Averil Cameron’s study about surviving Christian dialogue texts, Casey Dué’s and Mary Ebbott’s interpretive approach of the unconventional Iliad 10, Douglas Frame’s book about Nestor “the Horseman” and Norman B. Sandridge’s essay on Xenophon’s Education of Cyrus are now available online for free at the Center for Hellenic Studies website. The four books are among the best sellers of Harvard University Press. By clicking on the titles below, you can get a glimpse, leaf through or read the whole book online!
Dialoguing in Late Antiquity, by Averil Cameron
Christians talked, debated, and wrote dialogues in late antiquity and on throughout Byzantium. Some were philosophical, others more literary, theological, or Platonic. Dialoguing in Late Antiquity takes up a challenge laid down by recent scholars who argue that a wall of silence came down in the fifth century AD, after which Christians did not “dialogue.” Averil Cameron now returns to questions raised in her book Christianity and the Rhetoric of Empire (1991), drawing on the large repertoire of surviving Christian dialogue texts from late antiquity to make a forceful case for their centrality in Greek literature from the second century and the Second Sophistic onward. Throughout this study, Cameron engages with current literary approaches and is a powerful advocate for the greater integration of Christian texts by literary scholars and historians alike.
Iliad 10 and the Poetics of Ambush: A Multitext Edition with Essays and Commentary, by Casey Dué and Mary Ebbott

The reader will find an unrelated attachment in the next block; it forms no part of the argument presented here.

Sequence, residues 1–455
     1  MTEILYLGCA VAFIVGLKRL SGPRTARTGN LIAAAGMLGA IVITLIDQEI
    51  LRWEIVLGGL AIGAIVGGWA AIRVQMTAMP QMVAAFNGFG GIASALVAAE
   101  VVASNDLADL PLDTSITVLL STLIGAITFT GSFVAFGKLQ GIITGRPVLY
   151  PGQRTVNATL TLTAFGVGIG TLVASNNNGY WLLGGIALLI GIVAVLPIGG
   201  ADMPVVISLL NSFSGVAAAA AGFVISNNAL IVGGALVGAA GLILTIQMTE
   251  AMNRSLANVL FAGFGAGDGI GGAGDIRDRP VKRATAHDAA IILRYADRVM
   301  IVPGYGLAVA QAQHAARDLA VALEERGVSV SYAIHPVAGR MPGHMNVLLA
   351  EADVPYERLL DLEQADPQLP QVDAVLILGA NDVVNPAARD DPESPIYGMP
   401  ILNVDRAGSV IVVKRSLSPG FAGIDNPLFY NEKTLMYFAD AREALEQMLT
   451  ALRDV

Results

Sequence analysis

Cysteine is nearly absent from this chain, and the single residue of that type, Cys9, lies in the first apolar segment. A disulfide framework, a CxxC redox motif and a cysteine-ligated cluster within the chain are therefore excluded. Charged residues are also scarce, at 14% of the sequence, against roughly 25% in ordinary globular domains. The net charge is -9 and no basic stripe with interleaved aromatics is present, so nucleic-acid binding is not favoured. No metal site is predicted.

This edition, commentary, and accompanying essays focus on the tenth book of the Iliad, which has been doubted, ignored, and even scorned. Casey Dué and Mary Ebbott use approaches based on oral traditional poetics to illuminate many of the interpretive questions that strictly literary approaches find unsolvable. The introductory essays explain their textual and interpretive approaches and explicate the ambush theme within the whole Greek epic tradition. The critical texts (presented as a sequence of witnesses, including the tenth-century Venetus A manuscript and select papyri) highlight the individual witnesses and the variations they offer. The commentary demonstrates how the unconventional Iliad 10 shares in the oral traditional nature of the whole epic, even though its poetics are specific to its nocturnal ambush plot.
Hippota Nestor, by Douglas Frame
This book is about the Homeric figure Nestor. This study is important because it reveals a level of deliberate irony in the Homeric poems that has hitherto not been suspected, and because Nestor’s role in the poems, which is built on this irony, is a key to the circumstances of the poems’ composition. Nestor’s stories about the past, especially his own youth, often lack purpose on the surface of the poems, but with a slight shift of focus they provide a deep commentary on the present action of both poems. Nestor’s Homeric epithet, hippota, “the horseman,” permits the necessary refocus. Nestor has a special relation to Ionia, where the Homeric poems were composed, and through Ionia to early Athens. The relationship between the Ionian city of Miletus and early Athens is particularly important. In addition to the role of these cities, the location of Nestor’s city Pylos, an ancient conundrum, is sharply illuminated by this new interpretation of Nestor’s Homeric role.
Xenophon is generally thought to have done his best theorizing on leadership through his portrayal of Cyrus the Great, the first king of the Persian Empire. In this book, Norman Sandridge argues that Xenophon actually reduces his Theory of Leadership to a set of fundamental traits, namely, the love of humanity, the love of learning, and the love of being honored. These so-called fundamental traits are the product of several rich contexts across culture and across time: the portrait of Cyrus seems as much a composite of Persian folklore as a pointed response to Plato’s Philosopher King. By looking at the contexts in which Xenophon’s theory was conceived, as well as the problems of leadership he sought to address, this book sees Xenophon as attempting a sincerely laudatory though not ideal portrait of Cyrus. The study thus falls between interpretations of the Education of Cyrus that have seen Cyrus as either a perfect leader or an ironically flawed one.